March 7, 2005

Manhattan Transfer on Neoconservatives

"The Neoconservatives: What Went Wrong" explains Manhattan Transfer. He points out in an email to me: "No mention of drinking in the entire post, so most of my regular readers will probably skip it."

How did the sons of the acerbic critics of the Great Society at home become the wooly-headed promoters of National Greatness abroad? Besides victory in the Cold War,

Sometime in the nineties, however, this neoconservatism suffered from two setbacks. The first was that many neoconservatives began to suspect that the culture was not quite (or no longer) as brittle as it had seemed. America had withered the storm of the social upheavals of the sixties and remained largely intact, if radically altered. Several indicators of societal breakdown—most notably crime—reversed, in direct contrast to neoconservative predictions. Other indicators seemed not as serious in hindsight. American culture had shown a surprising ability to absorb feminism, sexual liberation and gay rights. Even the breakdown of the family no longer seemed as deleterious as the neoconservatives had feared. America had been radically transformed in the last quarter of twentieth the century but it had not crumbled.

Perhaps a more cheerful way to look at this would be to say that the neoconservatives and their allies had triumphed in their struggle to temper the worst elements of the adversarial culture. They had “tamed” (to use a word popular with neoconservative theorists) its radicalism. They had, in short, accomplished the conservative task of preserving the culture while adapting it to new circumstances. Of course, the work of taming the adversarial culture had to be continued indefinitely, but Western civilization was no longer on Orange Alert.

The second was the neoconservative triumph over liberal policy. The neoconservative projects of welfare reform and other revisions to the programs of the Great Society were essentially accomplished during the neoconservative moment. Not even the liberals clamored for great projects of social engineering. Democratic President Bill Clinton declared that the era of big government had come to an end.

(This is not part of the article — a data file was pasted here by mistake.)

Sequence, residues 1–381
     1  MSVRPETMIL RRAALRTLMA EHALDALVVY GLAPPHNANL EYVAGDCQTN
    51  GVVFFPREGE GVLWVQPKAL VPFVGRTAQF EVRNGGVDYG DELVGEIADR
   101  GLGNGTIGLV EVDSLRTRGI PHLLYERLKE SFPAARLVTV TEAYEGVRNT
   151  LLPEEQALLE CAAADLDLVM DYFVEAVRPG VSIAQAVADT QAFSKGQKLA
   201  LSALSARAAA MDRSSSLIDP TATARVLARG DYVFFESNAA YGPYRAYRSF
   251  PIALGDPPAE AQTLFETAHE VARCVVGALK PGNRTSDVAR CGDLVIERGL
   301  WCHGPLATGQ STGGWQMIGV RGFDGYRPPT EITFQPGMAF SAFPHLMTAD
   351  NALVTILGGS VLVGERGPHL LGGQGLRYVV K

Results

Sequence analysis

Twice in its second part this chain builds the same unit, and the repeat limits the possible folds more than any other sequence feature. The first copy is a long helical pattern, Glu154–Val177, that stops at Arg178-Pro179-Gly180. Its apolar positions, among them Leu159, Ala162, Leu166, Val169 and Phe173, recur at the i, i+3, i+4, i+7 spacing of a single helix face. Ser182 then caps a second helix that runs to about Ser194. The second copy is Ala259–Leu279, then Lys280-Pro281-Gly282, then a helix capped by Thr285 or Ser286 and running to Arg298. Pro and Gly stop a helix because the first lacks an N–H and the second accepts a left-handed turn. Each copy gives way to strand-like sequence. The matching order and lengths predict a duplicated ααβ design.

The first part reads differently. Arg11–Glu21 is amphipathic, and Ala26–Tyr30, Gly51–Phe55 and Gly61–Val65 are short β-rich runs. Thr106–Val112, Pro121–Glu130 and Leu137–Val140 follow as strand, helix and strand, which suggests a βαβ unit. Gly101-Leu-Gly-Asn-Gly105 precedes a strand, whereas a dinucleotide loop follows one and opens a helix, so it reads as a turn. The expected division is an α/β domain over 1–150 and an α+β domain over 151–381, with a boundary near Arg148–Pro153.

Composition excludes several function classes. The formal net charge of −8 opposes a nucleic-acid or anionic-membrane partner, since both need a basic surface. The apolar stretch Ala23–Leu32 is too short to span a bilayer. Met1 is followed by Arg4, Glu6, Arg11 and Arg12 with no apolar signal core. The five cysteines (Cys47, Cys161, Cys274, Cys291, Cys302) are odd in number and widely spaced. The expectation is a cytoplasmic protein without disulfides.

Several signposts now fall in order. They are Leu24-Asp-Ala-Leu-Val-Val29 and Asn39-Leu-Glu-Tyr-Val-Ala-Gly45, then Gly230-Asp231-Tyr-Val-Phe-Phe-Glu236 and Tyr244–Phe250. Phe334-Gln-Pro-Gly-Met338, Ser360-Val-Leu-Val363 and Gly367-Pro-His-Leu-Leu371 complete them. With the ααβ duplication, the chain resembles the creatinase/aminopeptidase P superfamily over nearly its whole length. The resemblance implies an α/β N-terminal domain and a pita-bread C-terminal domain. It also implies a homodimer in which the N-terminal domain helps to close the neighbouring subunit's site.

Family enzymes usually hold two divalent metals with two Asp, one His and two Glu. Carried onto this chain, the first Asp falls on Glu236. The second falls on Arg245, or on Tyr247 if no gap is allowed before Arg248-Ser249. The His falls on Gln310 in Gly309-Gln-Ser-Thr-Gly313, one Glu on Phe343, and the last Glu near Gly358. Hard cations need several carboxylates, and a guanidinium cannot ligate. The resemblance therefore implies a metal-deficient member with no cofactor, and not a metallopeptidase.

(Perhaps a a third setback was the loss of the Cold War enemy but, again, this was more generally felt on the right and not particular to the neoconservatives.)

Why describe these accomplishments as setbacks? While they were arguably political victories—or rather, certainly in the case of policy reform and perhaps in the case of taming the adversary culture—they left the neoconservative intellectuals without psychologically satisfying cause. The objects of the neoconservative critique had in various ways entered into the dustbin of history...

What happened? One explanation might be psychological and political. Like their New Class forebearers and the British imperialists before them, neoconservatives needed a project. For the Neo-New Class, power and status are now sought through the expansion and management of empire rather than a large public sector at home. The War on Terror is the Great Society for the Neo-New Class.

I would add a little more ethnic detail. The original neocons were mostly Irish (D.P. Moynihan, J.Q. Wilson, Fr. Greeley) or Jewish (Kristol, Podhoretz, Glazer), with the occasional WASP inner city sociologist thrown in (Banfield, Coleman), and thus had numerous relatives in the big cities who were directly exposed to the rise of black power and black crime in the 1960s. The Irish professors had relatives who were cops and firemen, and the Jewish intellectuals had relatives who were liquor store owners and public schoolteachers.

Over time, Americans learned to insulate themselves from the worst of the crime wave, both by moving away and by locking up more and more criminals, so even the horrible murder epidemic of the crack years affected mostly inner city people.

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